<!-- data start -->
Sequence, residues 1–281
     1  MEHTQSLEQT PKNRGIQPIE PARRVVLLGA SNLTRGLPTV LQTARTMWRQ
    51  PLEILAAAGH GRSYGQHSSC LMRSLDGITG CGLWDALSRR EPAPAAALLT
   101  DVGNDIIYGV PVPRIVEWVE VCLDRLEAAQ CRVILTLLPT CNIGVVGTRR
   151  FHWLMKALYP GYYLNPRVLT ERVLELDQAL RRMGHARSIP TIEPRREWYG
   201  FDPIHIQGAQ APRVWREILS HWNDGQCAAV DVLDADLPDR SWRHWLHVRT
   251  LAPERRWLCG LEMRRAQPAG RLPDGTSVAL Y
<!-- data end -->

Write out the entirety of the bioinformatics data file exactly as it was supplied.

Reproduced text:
Sequence, residues 1–281
     1  MEHTQSLEQT PKNRGIQPIE PARRVVLLGA SNLTRGLPTV LQTARTMWRQ
    51  PLEILAAAGH GRSYGQHSSC LMRSLDGITG CGLWDALSRR EPAPAAALLT
   101  DVGNDIIYGV PVPRIVEWVE VCLDRLEAAQ CRVILTLLPT CNIGVVGTRR
   151  FHWLMKALYP GYYLNPRVLT ERVLELDQAL RRMGHARSIP TIEPRREWYG
   201  FDPIHIQGAQ APRVWREILS HWNDGQCAAV DVLDADLPDR SWRHWLHVRT
   251  LAPERRWLCG LEMRRAQPAG RLPDGTSVAL Y